Tracing the water cycle in the Atacama Desert using water isotopes (δ2H, δ17O, δ18O) and pedogenic salt distributions

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Title:Main Title: Tracing the water cycle in the Atacama Desert using water isotopes (δ2H, δ17O, δ18O) and pedogenic salt distributions
Description:Abstract: Stable isotope ratios of water (18O/16O and 2H/1H) are widely used in hydrological studies. In contrast to classic tracers (δ2H–δ18O, d-excess), the triple oxygen isotope system (δ17O–δ18O, 17O excess) is virtually insensitive to changes in temperature and salinity, providing additional information on processes in the hydrological cycle. Large isotope effects associated with evaporation occur mainly in response to humidity. These isotope effects can be quantified by the classic Craig-Gordon evaporation model. The main objective of this thesis is to investigate the potential of combined analysis of hydrogen (2H/1H) and triple oxygen (18O/17O/16O) isotopes of structurally bonded water of gypsum (CaSO4 · 2H2O) to quantitatively estimate paleo-humidity and reconstruct past changes in the climatic conditions of the presently hyperarid Atacama Desert. The first study serves to investigate recent dynamics in the isotopic composition of lake water in the complex hydrological system of the Salar del Huasco, Altiplano, Chile, that receives inflow from multiple sources and is affected by seasonal variability in precipitation, temperature and relative humidity. Isotope analyses of lakes and ponds from the Salar del Huasco revealed that their hydrological balance is mainly controlled by evaporation and recharge. Inflow from multiple sources and temporal variability in their isotopic composition lead to scattering of pond data along the evaporation trendline predicted by the Craig-Gordon model. Sporadic flooding events after heavy rainfalls can provoke significant mixing and lead to the emergence of non-recharged lakes. Evaporation without recharge as well as mixing processes can be identified by triple oxygen isotope analysis. The potential occurrence of episodic mixing processes, e.g. due to frequent flooding, should be taken into account in paleo-applications. The second study presents first results of isotope analyses of structurally bonded water of gypsum from paleo-lake deposits in the Atacama Desert. The isotopic compositions of analyzed samples fall on distinct evaporation trends indicating the preservation of the primary isotope signal of paleo-lake water. A Craig-Gordon model together with a Monte Carlo simulation was used to determine the relative humidity that best fit the isotope data in both d-excess vs δ18O space and 17O-excess vs δ18O space. The model output humidity is less affected by changes in the isotopic composition of source water and atmospheric vapor, however, can strongly depend on the selected wind induced turbulence coefficient and the limitations of the recharge rate (E/I). The model provides reasonable humidity values if the input parameters are set within ranges reasonable for the site. Results imply humid conditions in the northern Atacama Desert about 3.5 million years ago that may have been facilitated by permanent El Niño like conditions in the Early Pliocene Warm Period (4.5 – 3.0 Ma). The third study aims to improve the understanding of soil formation and secondary redistribution and transformation processes of evaporites in Atacama Desert soils, which is crucial for the interpretation of isotopic compositions of structurally bonded water of pedogenic gypsum. In this study, thin surface crusts, powdery surface material and subsurface concretions from up to 40 cm depth were sampled along several latitudinal transects between 19.5–25°S and 68.5–70.5°W. Results imply that long-term aridity gradients, sources and secondary mobilization processes control the spatial distribution of highly soluble salts – chlorides and nitrates – as well as gypsum and anhydrite in Atacama Desert soils. Hyperaridity is most persistent between 19-22°S. Exceptionally high chloride contents below the altitude of the atmospheric temperature inversion layer (< 1200 m) as well as Na/Cl ratios of 0.83 – close to the global sea water ratio of 0.86 – suggest sea spray as the primary source of halite. Generally, gypsum and anhydrite are the major minerals in Atacama Desert soils. The association of high anhydrite abundances with high chloride and nitrate contents indicate that anhydrite is a secondary product of dissolution-reprecipitation reactions in highly saline brines. This thesis expands our knowledge of processes controlling the isotopic composition of structurally bonded water of lacustrine and pedogenic gypsum. The results contribute to the development of a powerful isotope tool that can allow for a quantitative reconstruction of past climatic mean states in the Atacama Desert.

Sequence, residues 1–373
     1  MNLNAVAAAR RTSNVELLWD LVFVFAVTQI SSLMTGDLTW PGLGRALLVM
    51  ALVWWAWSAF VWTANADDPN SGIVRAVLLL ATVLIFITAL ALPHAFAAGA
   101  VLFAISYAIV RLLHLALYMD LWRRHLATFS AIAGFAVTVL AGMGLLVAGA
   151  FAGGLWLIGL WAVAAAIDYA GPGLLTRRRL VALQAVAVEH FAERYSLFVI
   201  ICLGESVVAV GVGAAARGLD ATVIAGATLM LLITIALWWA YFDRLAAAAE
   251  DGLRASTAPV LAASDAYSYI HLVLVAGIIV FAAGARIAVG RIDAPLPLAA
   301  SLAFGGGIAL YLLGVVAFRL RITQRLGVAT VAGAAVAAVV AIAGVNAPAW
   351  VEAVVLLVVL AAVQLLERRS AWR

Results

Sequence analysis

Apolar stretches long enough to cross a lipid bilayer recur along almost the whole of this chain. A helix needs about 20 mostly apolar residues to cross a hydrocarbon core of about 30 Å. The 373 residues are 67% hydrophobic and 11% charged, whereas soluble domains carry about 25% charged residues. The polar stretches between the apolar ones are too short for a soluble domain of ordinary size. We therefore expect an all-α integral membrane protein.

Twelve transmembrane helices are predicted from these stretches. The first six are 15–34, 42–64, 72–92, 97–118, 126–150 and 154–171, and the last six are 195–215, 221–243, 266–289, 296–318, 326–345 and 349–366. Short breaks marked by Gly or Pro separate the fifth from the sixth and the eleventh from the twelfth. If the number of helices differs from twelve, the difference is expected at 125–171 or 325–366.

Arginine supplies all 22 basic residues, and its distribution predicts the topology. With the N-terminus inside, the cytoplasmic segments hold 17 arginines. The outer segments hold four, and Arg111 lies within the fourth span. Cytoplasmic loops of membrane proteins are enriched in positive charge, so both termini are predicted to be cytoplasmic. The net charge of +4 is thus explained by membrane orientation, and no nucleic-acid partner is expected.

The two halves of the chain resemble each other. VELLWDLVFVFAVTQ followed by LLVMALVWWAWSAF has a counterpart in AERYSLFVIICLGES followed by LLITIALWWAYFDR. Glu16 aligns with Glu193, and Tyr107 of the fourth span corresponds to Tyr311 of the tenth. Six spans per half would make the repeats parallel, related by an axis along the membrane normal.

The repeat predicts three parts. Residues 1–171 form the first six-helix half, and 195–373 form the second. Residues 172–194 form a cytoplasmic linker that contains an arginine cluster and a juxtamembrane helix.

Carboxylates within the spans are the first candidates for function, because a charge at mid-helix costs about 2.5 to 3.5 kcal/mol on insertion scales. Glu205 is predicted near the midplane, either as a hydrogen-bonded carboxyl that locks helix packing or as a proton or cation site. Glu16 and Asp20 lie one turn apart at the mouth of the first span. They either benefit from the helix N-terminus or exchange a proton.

Responsible Party
Creator:Claudia Voigt (Author)
Publisher:Universitäts- und Stadtbibliothek Köln
Publication Year:2020
Topic
CRC1211 Topic:Climate
Related Subproject:D3
Subjects:Keywords: Stable Isotope Geochemistry, Paleoclimate Proxies
Geogr. Information Topic:Environment
File Details
Filename:Dissertation_Voigt_Claudia_revised.pdf
Data Type:Text - Article
File Size:5.3 MB
Date:Submitted: 23.03.2020
Mime Type:application/pdf
Data Format:PDF
Language:English
Status:Completed
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Download Permission:Only Project Members
General Access and Use Conditions:According to the CRC1211DB data policy agreement.
Access Limitations:According to the CRC1211DB data policy agreement.
Licence:[CRC1211DB] Data policy agreement
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Specific Information - Publication
Publication Status:Accepted
Review Status:Not peer reviewed
Publication Type:Article
Article Type:Electronic
Source:Universitäts- und Stadtbibliothek Köln
Number of Pages:149 (1 - 149)
Metadata Details
Metadata Creator:Claudia Voigt
Metadata Created:11.08.2020
Metadata Last Updated:27.01.2022
Subproject:D3
Funding Phase:1
Metadata Language:English
Metadata Version:V50